Last month, Richard Land of the Southern Baptist Convention declared Rudy Giuliani’s campaign for president doomed, citing the former New York mayor’s reputation as a supporter of gay rights and a woman’s right to choose. He told The Hill that “If [Giuliani] wins, he’ll do so without social conservatives” – a result Land considered impossible. But less than two weeks later, Giuliani garnered a warm reception at the Conservative Political Action Conference, where he side-stepped social wedge issues and emphasized his supposedly Reagan-like leadership qualities in the context of 9/11. Conservative columnist Bob Novak declared Giuliani “the big winner here,” and he came in second to Mitt Romney in the CPAC straw poll. Unlike Romney, noted Novak, “Giuliani had not stacked the crowd with supporters,” a strategy that casts doubt on Romney’s first-place showing. And Giuliani continues to top polls of primary voters.
According to Novak, “Some activists expressed dismay that so many conservatives would cheer Giuliani without even making him offer anything for the Right” – apparently flying in the face of what every other Republican candidate has been doing for the past few months. But it’s still early in the campaign. Giuliani is scheduled to speak at Pat Robertson’s Regent University next month, and the televangelist himself has declared that the former mayor “did a super job running the city of New York and I think he’d make a good president.” Last year, he helped raise money for Ralph Reed, an unsuccessful candidate for Georgia lieutenant governor who is better known as the former head of the Christian Coalition and one of the seminal organizers of the Religious Right in the late 80s and 90s.
And recently, he has been making promises to the far Right on an issue that could be seen as a calculated revision of his abortion position: judges. “On the federal judiciary I would want judges who are strict constructionists because I am,” he announced in South Carolina. And he offered specific praise for right-wing members of the Supreme Court: “I think those are the kinds of justices I would appoint — Scalia, Alito and Roberts.” Such statements fall short of the ham-handed pandering of long-shot candidate Rep. Duncan Hunter (“If any judicial candidate comes before me and can look at a sonogram … and not see valuable life, then I will not appoint him,” said Hunter to applause at CPAC), but they do echo almost exactly the words President George W. Bush deployed when he was campaigning for the office.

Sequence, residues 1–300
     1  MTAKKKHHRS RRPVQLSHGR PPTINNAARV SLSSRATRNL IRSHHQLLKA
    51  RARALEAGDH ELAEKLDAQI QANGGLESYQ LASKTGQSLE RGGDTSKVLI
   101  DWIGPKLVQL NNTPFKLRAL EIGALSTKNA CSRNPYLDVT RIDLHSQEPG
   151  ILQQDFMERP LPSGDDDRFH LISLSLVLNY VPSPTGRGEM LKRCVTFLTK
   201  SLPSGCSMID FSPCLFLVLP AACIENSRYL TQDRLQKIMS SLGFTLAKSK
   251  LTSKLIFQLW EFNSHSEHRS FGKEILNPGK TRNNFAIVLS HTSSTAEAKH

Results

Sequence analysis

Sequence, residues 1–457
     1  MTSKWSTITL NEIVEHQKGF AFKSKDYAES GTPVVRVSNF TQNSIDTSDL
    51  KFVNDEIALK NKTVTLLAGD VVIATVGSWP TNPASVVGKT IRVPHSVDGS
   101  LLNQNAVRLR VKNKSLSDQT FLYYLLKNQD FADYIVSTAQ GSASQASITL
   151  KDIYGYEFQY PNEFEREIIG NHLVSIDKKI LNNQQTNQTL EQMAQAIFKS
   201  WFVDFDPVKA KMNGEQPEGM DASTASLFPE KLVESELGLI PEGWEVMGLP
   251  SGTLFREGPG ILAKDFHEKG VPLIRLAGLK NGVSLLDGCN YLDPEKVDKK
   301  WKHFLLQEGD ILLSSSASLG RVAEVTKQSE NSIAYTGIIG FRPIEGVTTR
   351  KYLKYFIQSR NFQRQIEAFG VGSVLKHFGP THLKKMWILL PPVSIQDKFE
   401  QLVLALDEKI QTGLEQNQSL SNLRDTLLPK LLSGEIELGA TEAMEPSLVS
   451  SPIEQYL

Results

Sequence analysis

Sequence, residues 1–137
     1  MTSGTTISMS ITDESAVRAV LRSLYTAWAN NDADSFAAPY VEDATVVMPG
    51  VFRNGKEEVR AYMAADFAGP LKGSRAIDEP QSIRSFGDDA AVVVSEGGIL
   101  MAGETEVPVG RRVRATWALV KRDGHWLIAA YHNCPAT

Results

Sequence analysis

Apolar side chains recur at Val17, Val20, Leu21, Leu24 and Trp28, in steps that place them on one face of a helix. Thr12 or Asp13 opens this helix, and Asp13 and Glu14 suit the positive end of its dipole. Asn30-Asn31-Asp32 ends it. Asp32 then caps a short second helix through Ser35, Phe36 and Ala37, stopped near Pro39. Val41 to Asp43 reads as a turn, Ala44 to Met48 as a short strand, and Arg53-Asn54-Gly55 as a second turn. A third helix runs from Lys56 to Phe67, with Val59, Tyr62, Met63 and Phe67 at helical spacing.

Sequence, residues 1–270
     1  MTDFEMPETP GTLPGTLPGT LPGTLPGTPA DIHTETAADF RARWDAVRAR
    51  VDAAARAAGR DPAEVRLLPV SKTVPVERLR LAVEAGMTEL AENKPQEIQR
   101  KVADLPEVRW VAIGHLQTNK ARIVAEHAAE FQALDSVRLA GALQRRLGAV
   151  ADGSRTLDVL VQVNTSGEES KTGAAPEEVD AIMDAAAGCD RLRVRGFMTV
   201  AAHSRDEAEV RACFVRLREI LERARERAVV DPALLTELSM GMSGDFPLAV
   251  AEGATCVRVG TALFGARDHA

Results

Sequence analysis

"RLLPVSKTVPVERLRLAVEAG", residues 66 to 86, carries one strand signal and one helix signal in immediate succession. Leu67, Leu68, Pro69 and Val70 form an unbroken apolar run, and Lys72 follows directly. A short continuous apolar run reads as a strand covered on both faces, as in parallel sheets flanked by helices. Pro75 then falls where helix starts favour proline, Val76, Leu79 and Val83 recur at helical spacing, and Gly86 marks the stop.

These gestures, combined with Giuliani’s popularity, have caused some conservative pundits to wonder if the Religious Right will be willing to “make a deal” with Giuliani and overlook supposed “liberalism” on social issues for a “new social conservatism” as “an ethical or cultural conservative who in the end will protect the values that most conservative Republicans hold dear.”
So far, anti-abortion activists have made clear their response: “No Deal, Rudy,” as the National Catholic Register put it in an editorial. Gary Bauer said the “strict constructionists” line is not enough (“You have got to say ‘I want judges that will overturn Roe’”), and Bauer’s associate Daniel Allott summarized his position like this: “A Giuliani presidency would perhaps protect America from the scourge of Islamic terror, but it would also perpetuate and reaffirm a scourge that has already taken the lives of over 50 million innocents.”
“Any pro-lifer who believes they are going to get the kind of judge out of Rudy Giuliani that we see in either Roberts or Alito is probably going to be disappointed,” said Connie Mackey of the Family Research Council, alluding to a recent report characterizing Giuliani’s nominees when mayor as “lean[ing] left.” Phyllis Schlafly called the pandering out as too clumsy: “The grass roots are more sophisticated than that.” And James Antle of the American Spectator warned that supporting Giuliani could jinx the Right: “How could pro-lifers ever object to any pro-choice candidate again — Republican or Democrat — if they overlook Giuliani’s current positions and past pronouncements?”
Already, Giuliani’s competitors are taking advantage of this rift between the Religious Right and the GOP’s leading candidate. “He is pro-choice. He is pro-gay marriage and anti-gun,” Mitt Romney told CBN. “That’s a tough combination in a Republican primary.”
But again, it’s still early. Giuliani returned to his right-wing promise on judicial nominations in a press conference on Monday morning, declaring that “Because of my view of the Constitution and how important it is to our freedom, I would do everything I could to appoint judges who would interpret the Constitution rather than execute their own social policy.” And as Bauer pointed out, this squabbling plays into the hands of the Religious Right by setting these social wedge issues as the terms of the GOP primary race. “That virtually guarantees that our issues will be in the headlines in the months ahead.”